Actually, that there is no news of import is, in a way, good news, in that there haven't been any deaths, sicknesses, etc. Not that I have heard about anyway. It's true I've not been around the Square much the past 5-6 weeks, having gone there only about as many times during that time span. But had something of import happened, I would have heard about it either during one of my forays there or by phone.

No new places have opened – no surprise there – and no place has closed (which is good news for Squaronians).

I did go down later in the evening awhile last night, too late to see a lot of Squaronians, many of whom are daytime visitors. (Hey, if you hit the sack at sundown or shortly thereafter, gotta get your lick – and drinks! -- in early!!!) I did see “Jolly” Gene, an American I've not seen in quite awhile, despite the fact we're what you might call “vertical neighbors”: we live in the same building, me on the ground floor, him on, let's see, I think it's the sixth floor. Upstairs somewhere, anyway. He's a nice guy and has been around the Kingdom for years, over 20, as I recall. He was doing well, if already a bit, um, “festive” by the time I arrived. Sat with him, Phil (Silver Dollar night-time glad-hander), and another younger American whose name invariably escapes me. We had a pleasant hour or so just blabbing.

Went to Texas Lone Staar next, and while there weren't a lot of people there, it sure was lively. Lively enough that everyone was already involved with someone or the other, so I had little chance to do anything other than to greet a couple of people – specifically, “Cajun” Riley and “English” Paul, who were sitting together having a grand time of it.

Made my next port call at Wild Country, but I was the only customer, so I moved on quickly, stopping next at Cat's Meow. A gal who used to work there and whom I've not seen in quite awhile was there, so I sat and chatted with her for awhile. There was one other customer who was a one-man hit parade, as far as the ladies were concerned – he had been buying rounds for quite awhile before I arrived, and continued to do so, departing shortly before I did. Did chat briefly with him, and he said he had never been to the bar before – it's his first trip to Bangkok – and as he left, he remarked he'd likely not be back, as he had his Missus with him, awaiting him, impatiently, at the hotel – she called while he was there (and I overheard the conversation, which was pretty one-sided -- “Yes, Dear – what's that – yes, I'm leaving – wait a minute! I've got to pay my bill, Dear!” ;-)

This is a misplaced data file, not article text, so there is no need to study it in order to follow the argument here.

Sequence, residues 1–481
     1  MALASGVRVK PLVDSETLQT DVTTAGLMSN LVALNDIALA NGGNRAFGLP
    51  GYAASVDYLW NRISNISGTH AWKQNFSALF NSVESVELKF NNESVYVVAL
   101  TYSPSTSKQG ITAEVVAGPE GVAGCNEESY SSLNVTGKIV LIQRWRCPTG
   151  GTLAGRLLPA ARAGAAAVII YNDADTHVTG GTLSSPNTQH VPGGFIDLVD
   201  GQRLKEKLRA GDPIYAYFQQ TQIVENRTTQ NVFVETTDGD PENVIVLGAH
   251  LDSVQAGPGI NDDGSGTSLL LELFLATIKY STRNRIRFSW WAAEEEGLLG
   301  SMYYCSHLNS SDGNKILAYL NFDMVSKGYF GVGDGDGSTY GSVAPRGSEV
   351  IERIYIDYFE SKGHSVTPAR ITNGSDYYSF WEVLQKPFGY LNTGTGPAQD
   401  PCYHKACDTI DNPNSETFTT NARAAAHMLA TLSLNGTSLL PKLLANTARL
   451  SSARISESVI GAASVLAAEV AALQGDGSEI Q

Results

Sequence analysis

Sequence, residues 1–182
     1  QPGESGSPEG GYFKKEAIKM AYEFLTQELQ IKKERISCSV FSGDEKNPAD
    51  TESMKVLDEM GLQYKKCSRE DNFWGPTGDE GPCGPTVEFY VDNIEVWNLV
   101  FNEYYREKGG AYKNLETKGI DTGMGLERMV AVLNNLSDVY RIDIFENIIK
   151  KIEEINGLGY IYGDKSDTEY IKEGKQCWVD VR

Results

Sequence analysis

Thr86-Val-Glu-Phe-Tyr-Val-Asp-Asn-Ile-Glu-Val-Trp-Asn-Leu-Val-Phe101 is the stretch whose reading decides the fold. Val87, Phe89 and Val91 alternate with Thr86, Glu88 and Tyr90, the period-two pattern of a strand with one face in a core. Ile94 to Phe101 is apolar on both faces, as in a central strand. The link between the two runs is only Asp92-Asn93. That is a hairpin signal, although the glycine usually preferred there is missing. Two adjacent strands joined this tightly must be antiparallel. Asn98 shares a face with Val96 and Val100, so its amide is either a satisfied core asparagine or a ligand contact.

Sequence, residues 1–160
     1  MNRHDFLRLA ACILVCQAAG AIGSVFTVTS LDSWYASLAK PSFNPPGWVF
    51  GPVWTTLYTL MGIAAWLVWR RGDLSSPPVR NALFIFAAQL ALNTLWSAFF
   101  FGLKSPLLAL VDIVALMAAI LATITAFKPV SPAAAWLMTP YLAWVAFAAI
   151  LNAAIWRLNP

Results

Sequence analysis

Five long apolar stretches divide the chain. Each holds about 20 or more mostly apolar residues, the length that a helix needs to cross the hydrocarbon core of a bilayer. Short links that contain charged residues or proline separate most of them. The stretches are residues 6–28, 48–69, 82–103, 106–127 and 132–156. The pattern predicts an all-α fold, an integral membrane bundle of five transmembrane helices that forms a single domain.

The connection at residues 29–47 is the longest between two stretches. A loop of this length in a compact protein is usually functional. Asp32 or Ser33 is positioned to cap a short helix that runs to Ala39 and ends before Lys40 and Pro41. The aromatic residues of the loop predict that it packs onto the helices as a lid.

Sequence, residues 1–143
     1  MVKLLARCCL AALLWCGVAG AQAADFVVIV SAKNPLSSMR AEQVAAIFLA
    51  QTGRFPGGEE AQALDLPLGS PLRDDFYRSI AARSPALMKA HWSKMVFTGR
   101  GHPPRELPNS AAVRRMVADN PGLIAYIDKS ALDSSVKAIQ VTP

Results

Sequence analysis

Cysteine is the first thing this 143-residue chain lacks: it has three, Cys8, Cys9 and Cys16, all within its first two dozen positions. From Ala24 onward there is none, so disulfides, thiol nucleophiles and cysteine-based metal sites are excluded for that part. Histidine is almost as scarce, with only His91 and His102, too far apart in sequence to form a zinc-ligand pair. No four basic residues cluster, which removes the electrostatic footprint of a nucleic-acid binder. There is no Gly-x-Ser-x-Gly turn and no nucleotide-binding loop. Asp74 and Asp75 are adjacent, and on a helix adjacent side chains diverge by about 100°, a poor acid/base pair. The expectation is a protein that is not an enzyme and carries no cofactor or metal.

Stopped by Square One, but didn't stay but a minute, as it was nering closing time and the ladies were about to shut shop. Decided to walk over to Queen's Park Plaza. Walked by a few places, popping into one or two, but it was fairly quiet around the whole place, so I came on home.

Haven't caught up with Burt lately, but we do talk on the phone a fair bit, so I know that he and his are fine.

It's coming up on 4:00 P.M. Saturday (September 26th), and I may go to the square a little while soon to see if I can catch up with any of the daytime crowd. If I do, and if there's anything to report, I'll add it here.

For Folks in the U.S.: A Map Showing Percentages of Uninsured by Congessional District

As anyone who follows U.S. News knows, health care is THE talk of the nation at the moment.
NPR (National Public Radio) has put together a nifty map providing anyone interested with three tidbits of information for every congressional district: the name of your very own congresscritter, how many people under 65 don't have medical insurance, and how many under 16 don't (the latter two expressed as percentages).
Further, the map is customaizable. The above is the default setting. However, you can also view the map for the states. There are other choices on the right side of the map.

Also, the map is color-coded, whether you view it showing all the states or all the congressional districts. For once, it's an easy-to-understand code, involving only three shades of blue, each clearly different from the other two.

One perhaps unintended bit of info you can get from viewing the map as congressional districts: gerrymandering. Just take a look at the vastly different-sized districts, not to mention the sometimes-torturous boundaries that mark them!
Let me make something very clear: my placing the link to the map here is NOT meant to indicate my personal view either way; this is not the place for me to opine about such. Besides, opponents of change will find comfort in the map – but so will supporters. Perceptions matter immensely when we're dealing with statistics, something we too often forget, or at least I do, if I'm not careful about it. Anyway, here's the URL:

Read it and weep – or whoop – as suits you. :-) (Just don't forget to curse or congratulate YOUR congresscritter – again, as suits YOU!)
Note aside: My own state, Texas, “leads” the way, with 26.5% of the total under-65 population without insurance – whatever that means.


Enough for one go!!!

Mekhong Kurt